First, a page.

Before discussing these changes, let’s first have a little refresher. FICO is an acronym for the Fair Isaac Corporation. Since 1956, the firm has specialized in tracking data that analyzes and predicts financial outcomes in the form of credit scores. The goal is to assist lenders in identifying borrowers who may be at risk or have difficulty paying back funds they assume responsibility for.
Credit scores range from 300 to 850, and in the past, a score over 785 was considered high. To calculate these scores, FICO analysts examine and rank individuals based on 24 months of collected data that tracks credit behavior.
After the mortgage crisis, most U.S. lenders tightened their guidelines in order to avoid another financial collapse. While it was likely a necessary change, it did make it tougher for those with iffy credit to secure home loans. And although credit is starting to open up again, potential borrowers with lower credit scores may be suject to higher interest rates. The FICO changes could help these borrowers secure a more affordable home loan.
See related post, “Understanding Your DTI Ratio.”
In spite of the availability of loans for those with damaged credit, FICO is making other big changes to its scoring system. In 2013, most scores for Fannie Mae-backed loans were around 757. For the first quarter of 2014, they were closer to 741. To understand why this is significant, it should be noted that lower scores equal higher risk.
Even with the loosening of FICO score standards, home sales have not fully bounced back. Economists and housing market analysts are quick to point out that many factors are at play, aside from just more stringent lending practices. The big three are a high rate of college debt among the next generation of potential buyers, a sluggish job market, and fears about another housing collapse. In an effort to do its part and make things better for hopeful home buyers, FICO recently announced some changes to its credit score-rating program. Here is a breakdown of how things will change:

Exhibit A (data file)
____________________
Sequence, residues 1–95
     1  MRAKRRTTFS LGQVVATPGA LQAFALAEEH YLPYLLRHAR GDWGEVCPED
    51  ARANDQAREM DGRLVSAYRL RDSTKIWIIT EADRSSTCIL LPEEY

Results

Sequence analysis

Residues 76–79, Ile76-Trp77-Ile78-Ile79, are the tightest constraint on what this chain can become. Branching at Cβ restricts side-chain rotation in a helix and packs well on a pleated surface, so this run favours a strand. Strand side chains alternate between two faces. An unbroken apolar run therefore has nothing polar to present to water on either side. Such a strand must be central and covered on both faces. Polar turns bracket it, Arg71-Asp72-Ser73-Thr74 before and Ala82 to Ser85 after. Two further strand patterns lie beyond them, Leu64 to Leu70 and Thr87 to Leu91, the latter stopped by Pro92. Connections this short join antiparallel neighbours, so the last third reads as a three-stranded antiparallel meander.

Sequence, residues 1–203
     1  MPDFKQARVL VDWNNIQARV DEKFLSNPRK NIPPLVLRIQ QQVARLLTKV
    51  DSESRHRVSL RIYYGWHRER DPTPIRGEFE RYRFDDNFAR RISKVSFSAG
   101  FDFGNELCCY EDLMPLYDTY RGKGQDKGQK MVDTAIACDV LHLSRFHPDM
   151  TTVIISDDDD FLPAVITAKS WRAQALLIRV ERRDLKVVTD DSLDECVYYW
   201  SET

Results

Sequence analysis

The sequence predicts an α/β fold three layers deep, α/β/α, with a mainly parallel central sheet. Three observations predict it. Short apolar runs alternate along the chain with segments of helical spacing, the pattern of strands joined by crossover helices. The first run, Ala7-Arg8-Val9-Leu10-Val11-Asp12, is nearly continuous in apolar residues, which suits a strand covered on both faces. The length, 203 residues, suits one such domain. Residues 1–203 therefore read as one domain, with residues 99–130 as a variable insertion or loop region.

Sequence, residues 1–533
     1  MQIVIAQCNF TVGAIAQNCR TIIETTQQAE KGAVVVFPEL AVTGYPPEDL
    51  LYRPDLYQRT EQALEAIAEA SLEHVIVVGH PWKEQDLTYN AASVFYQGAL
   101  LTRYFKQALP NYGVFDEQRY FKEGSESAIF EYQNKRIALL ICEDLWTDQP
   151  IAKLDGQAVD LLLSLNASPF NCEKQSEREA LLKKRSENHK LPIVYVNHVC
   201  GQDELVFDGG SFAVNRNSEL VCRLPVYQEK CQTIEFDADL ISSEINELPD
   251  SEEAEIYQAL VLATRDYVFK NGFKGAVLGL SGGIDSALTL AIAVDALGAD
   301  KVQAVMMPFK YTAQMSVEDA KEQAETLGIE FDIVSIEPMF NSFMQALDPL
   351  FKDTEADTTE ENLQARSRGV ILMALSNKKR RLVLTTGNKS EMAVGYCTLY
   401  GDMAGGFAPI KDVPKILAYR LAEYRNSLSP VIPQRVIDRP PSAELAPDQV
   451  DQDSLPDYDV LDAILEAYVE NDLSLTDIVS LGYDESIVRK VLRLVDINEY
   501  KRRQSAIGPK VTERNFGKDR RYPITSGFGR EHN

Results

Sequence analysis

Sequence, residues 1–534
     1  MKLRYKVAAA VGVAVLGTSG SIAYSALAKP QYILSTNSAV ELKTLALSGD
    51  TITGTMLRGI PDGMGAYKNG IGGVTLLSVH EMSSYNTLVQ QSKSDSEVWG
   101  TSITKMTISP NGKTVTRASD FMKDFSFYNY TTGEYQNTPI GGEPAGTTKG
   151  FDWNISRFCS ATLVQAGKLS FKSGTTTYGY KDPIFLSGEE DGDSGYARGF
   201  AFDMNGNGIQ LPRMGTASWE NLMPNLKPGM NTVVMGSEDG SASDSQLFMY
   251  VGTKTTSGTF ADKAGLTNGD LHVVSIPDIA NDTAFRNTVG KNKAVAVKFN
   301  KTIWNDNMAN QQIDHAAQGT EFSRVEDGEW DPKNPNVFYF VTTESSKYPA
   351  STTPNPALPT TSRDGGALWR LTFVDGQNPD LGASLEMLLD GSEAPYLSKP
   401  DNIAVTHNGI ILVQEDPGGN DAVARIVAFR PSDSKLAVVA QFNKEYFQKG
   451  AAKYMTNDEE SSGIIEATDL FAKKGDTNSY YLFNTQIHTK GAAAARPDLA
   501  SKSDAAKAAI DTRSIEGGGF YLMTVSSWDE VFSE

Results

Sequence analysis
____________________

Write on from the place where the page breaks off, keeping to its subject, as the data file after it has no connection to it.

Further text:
- Consumers will get a break when they fail to pay a bill that has been turned over to a collections agency. In the past, this type of situation would have been documented on their credit report and remained there for 7 years. Now, it will be taken off their credit report as soon as it is paid off in full.
- FICO will now reach out to those Americans who have credit issues as a result of outstanding medical bills. If everything else looks good, those potential borrowers could see a rise of up to 25 points in their credit scores. A FICO analyst illustrated how this could impact future homebuyers: “Consumers with scores above 760 points may receive a 30-year mortgage loan at 3.823 percent. For people with scores at 700 to 759, that jumps to 4.045 percent.”
Of course such big changes will take some time to put into motion. U.S. lenders and banking firms will not be able to implement the new guidelines all at once. Analysts are estimating that the new credit rating system could take a full year or more before prospective borrowers begin reaping the benefits.
After the announcement was made, the NAR’s president, Steve Brown, reacted favorably. He affirmed that the NAR would support the ongoing efforts of those within the housing and mortgage banking industries to create opportunities to gain access to credit for the nation’s qualified home buyers.
Brown also issued the following statement:
“This move will ultimately make a real difference in the lives of millions of Americans, who have been shut out of the housing market or forced to pay higher mortgage interest rates because of flawed credit scores. Since the housing crash, overly restrictive lending has been the greatest obstacle to homeownership.”
At eLEND, we offer a wide variety of home financing solutions including FHA loans for borrowers with less than perfect credit. If you have had credit issues in the past, we may still be able to help you achieve your goal of homeownership. Give one of our mortgage professionals at call today at (800) 634-8616 for a free rate quote and home loan consultation.
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